In This Review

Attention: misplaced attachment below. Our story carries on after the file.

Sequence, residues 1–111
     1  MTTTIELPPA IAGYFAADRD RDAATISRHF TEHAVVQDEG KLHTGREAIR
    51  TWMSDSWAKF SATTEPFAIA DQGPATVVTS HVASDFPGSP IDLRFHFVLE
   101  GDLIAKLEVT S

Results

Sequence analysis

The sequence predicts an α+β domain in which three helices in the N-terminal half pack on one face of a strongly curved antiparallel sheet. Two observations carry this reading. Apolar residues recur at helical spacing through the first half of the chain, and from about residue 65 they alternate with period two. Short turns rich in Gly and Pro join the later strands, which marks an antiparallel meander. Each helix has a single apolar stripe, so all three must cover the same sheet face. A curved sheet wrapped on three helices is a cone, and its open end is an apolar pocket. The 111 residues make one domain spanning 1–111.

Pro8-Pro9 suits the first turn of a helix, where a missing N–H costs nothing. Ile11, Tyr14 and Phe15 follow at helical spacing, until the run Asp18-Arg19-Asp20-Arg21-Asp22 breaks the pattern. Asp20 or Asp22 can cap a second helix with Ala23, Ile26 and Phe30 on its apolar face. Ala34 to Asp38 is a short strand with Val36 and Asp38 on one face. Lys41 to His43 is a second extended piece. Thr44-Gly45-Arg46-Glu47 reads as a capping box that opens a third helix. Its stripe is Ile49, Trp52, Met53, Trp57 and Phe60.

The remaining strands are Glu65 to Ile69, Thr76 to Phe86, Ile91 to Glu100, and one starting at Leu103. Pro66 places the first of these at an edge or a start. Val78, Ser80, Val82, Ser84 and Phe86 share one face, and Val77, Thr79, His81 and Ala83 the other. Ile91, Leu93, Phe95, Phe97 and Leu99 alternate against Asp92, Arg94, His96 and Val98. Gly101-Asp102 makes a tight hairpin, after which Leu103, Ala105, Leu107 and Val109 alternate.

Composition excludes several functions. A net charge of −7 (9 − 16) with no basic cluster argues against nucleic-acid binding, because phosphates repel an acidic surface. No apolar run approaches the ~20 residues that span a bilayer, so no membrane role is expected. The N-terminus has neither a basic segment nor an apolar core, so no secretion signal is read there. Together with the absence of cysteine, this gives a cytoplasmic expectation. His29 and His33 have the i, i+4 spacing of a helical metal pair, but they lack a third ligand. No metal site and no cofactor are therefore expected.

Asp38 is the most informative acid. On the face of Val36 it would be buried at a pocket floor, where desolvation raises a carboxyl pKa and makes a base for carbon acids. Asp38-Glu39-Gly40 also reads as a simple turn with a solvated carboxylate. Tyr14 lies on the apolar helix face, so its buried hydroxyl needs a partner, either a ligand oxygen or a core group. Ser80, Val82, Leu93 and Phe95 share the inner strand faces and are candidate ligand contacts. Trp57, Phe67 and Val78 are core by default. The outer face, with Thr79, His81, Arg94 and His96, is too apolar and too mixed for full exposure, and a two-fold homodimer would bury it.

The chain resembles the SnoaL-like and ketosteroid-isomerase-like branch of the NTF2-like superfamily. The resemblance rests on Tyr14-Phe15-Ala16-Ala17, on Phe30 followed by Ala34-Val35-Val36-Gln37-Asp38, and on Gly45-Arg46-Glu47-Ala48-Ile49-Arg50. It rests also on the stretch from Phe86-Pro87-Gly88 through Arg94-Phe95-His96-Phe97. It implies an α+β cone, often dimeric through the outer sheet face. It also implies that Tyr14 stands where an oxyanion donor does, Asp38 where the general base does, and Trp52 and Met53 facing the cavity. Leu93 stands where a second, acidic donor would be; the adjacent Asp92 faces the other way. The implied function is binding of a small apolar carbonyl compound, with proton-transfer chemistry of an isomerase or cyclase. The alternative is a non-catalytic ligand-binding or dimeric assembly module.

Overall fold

In recent decades, few places have been as mired in violence as the Horn of Africa, which is home to more than 200 million people. Mengisteab’s definition of the region includes eight countries: Djibouti, Eritrea, Ethiopia, Kenya, Somalia, South Sudan, Sudan, and Uganda. His book provides a good introduction to the structural and historical causes of the conflicts that have roiled those places. Mengisteab details the negative impact of colonialism, the problems of state formation in ethnically fragmented territories, the misrule by elites who often favor their own ethnic and regional bases, the harmful effects of military interventions launched by states in the region and outside powers, and the ravages of environmental degradation. A final chapter somewhat optimistically identifies democratization and government reform as the necessary prerequisites for peace, economic development, and state construction. Mengisteab does not always adequately distinguish between the region’s eight countries, but he has done a masterful job of explaining a set of incredibly complicated conflicts in a complex and underexamined part of the world.∂